Interface and reliability
- Smooth, but not incredibly quick
- Customization over streamline looks
The Samsung Galaxy A5 runs Android 6.0.1 and has Samsung’s custom interface on top. Samsung hasn’t made sweeping changes to this since the version seen on 2016 phones, and opinions on whether it’s any good are likely to be mixed.
For example, this isn’t the quickest interface when running on the Samsung Galaxy A5’s level of hardware. It’s not laggy as such, but is not as quick as a vanilla Android phone with this grade of chipset, or something like the OnePlus 3T.
It’s as if the tempo of the phone itself is that bit slower. 100bpm rather than the OnePlus 3T’s 140bpm, something you see in the reactions of the fingerprint scanner too. It is smooth and consistent, though, meaning you only really notice the speed difference in direct comparison.
The look of the Samsung Galaxy A5’s interface is obviously very subjective, but most would agree Samsung’s is not the most beautiful around. It’s less simple and clean than basic Android 6.0 or 7.0, and in a few ways subscribes to the older ways of Android.
The Samsung Galaxy A5’s apps menu is laid out in pages rather than as a flowing scroll, and customization gets precedence over a singular, pristine look. For example, you can change the home screen grid to fit in more app icons, and themes let you skin the phone with a few taps.
There’s a themes app that lets you browse through them, but it doesn’t half try to put paid-for themes in front of your eyes. More so than other themes apps, certainly. Freebies do exist, though.
The Samsung Galaxy A5‘s interface also has a built-in news reader that takes up the home screen to the left of your initial one. It’s called Upday and lets you choose the themes/subjects you want included. Like the rest of the interface, it’s not beautiful.
However, it’s still a decent way to kill five minutes on the train. Or the toilet.
Movies, music and gaming
- Good for games
- Fair speaker quality
- Expandable storage is a bonus
The Samsung Galaxy A5 is what we think of as a normal-size phone. Games and movies flourish on a slightly larger device, one with a 5.5-inch screen or above, but this still makes an excellent gaming and media phone.
First, the super-vivid screen makes games in particular look lively and rich. And while the phone’s CPU isn’t super-powered, the GPU seems capable of making high-end games run very well at 1080p.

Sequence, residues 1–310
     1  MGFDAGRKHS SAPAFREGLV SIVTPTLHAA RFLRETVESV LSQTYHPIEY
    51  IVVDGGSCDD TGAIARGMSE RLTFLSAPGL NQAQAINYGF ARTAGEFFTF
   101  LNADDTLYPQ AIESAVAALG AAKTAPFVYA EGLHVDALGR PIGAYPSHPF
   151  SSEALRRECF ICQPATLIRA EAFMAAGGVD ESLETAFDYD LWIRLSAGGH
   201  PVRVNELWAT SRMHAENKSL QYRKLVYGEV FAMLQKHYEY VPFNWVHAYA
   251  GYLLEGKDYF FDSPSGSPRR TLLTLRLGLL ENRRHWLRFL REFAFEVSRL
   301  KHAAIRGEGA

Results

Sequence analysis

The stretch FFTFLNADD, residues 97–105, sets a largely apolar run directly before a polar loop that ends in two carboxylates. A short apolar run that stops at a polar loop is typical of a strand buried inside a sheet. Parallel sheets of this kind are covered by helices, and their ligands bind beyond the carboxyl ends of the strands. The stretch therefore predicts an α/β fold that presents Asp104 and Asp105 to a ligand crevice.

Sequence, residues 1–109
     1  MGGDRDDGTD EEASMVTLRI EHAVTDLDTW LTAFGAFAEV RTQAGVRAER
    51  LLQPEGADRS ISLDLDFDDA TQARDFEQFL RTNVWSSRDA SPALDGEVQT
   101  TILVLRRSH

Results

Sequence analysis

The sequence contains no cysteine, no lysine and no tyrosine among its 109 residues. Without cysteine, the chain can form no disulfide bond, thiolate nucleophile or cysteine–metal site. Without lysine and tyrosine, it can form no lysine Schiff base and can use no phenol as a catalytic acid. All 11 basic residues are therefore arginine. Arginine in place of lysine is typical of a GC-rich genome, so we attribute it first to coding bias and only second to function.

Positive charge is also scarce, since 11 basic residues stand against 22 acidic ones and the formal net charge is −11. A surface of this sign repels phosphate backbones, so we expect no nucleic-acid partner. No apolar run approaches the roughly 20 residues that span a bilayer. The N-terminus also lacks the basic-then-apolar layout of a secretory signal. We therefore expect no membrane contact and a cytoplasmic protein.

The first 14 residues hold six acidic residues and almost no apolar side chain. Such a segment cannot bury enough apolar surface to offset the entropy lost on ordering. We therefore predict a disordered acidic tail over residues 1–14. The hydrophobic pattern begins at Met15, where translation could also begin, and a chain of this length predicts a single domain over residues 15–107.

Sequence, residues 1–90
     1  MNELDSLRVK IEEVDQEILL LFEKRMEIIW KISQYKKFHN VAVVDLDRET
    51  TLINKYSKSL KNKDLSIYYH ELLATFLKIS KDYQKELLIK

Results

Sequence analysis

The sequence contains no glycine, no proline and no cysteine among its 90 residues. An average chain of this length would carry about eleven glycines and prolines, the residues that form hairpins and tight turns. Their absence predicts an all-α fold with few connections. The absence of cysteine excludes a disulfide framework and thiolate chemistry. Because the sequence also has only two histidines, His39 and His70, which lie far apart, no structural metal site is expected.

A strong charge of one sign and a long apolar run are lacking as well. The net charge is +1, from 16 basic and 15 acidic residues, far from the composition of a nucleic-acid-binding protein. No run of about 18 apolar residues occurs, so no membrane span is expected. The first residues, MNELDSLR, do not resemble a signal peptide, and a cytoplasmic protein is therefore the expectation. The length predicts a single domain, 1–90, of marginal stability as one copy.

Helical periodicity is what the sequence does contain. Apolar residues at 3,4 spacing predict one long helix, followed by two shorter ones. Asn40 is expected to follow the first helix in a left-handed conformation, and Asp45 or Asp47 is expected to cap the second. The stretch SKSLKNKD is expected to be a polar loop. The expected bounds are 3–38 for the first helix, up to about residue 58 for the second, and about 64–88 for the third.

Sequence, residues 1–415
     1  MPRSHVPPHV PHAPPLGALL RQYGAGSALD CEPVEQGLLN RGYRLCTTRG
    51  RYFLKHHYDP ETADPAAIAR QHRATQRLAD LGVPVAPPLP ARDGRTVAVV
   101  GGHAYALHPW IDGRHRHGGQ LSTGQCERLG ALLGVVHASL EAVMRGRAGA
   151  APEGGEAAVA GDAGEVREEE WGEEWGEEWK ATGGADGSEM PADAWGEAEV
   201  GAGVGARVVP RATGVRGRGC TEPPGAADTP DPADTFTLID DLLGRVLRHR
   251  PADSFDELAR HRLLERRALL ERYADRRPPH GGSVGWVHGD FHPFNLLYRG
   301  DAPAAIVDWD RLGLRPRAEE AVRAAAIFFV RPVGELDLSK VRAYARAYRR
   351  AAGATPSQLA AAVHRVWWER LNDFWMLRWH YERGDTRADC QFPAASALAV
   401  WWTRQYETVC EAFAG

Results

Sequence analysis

It uses a three-core Mali-T830, which is higher powered than the dual-core Mali-T860 used in the HTC U Play or the Adreno 405 used by the Moto G4 Plus. The OnePlus 3T’s Adreno 530 still trashes it, but every part of that phone’s performance does.
GPU-straining games like Asphalt 8 run well at max graphics settings, which is the main thing.
The Samsung software also offers a special gaming overlay, called Game Tools. It’s a toolbar that pops-up when you tap a little widget that sticks on the screen (if you want it there, at least) and lets you take screenshots, lock the soft keys and record your gameplay.
Once upon a time Samsung phones also used to come with one of the best built-in media players, but these days it largely leaves this to Google’s apps and the various other options available from Google Play. Samsung’s own software stays in the background, on hand if you download any videos using the browser.
The phone has enough power to play any 1080p video, though, and having the option to add a microSD card of up to 256GB capacity offers the potential to turn the Samsung Galaxy A5 into a pretty mean media player.
It doesn’t have one of the best internal speakers around, though. There are two speaker drivers used for media, the call speaker and one on the right edge of the Samsung Galaxy A5.
Like the CPU, it’s a real middle-weight setup. The sound isn’t super-thin, very quiet or prone to distortion, but it’s not the loudest or fullest-sounding either. It’s fine, but that’s about it.
Benchmarks and performance
- Not the most powerful at the price
- Has a reasonable GPU
The Samsung Galaxy A5 has a fairly low-powered chipset given its price. It uses the Exynos 7880 CPU, comparable to the Snapdragon 617 but with a higher clock speed and a slightly more powerful graphics processor.
This setup works just fine with a 1080p screen phone, but is far from the most powerful CPU available for the money. The issue is that while the Exynos 7880 has eight cores, all of them are Cortex-A53s, the sort used in budget phones.
The OnePlus 3T and its true high-end Snapdragon 821 chipset are in a different league, but Samsung has managed to eke good performance out of these fairly humble building blocks. In Geekbench 4, for example, the Samsung Galaxy A5 scores 4,074 points, or 768 per core.
It’s one of the highest scores we’ve seen from an all Cortex-A53 phone, helped by its relatively high clock speed and a graphics chip more powerful than that of most comparable alternatives. It’s not even that far off the OnePlus 3T’s average multi-core score of 4,313.
Let’s not get ahead of ourselves, though. It’s still a mid-range CPU, matched with 3GB of slower DDR3 RAM and internal storage that doesn’t read/write anywhere near as quickly as that of the Samsung Galaxy S7 or OnePlus 3T – a phone with 6GB of RAM.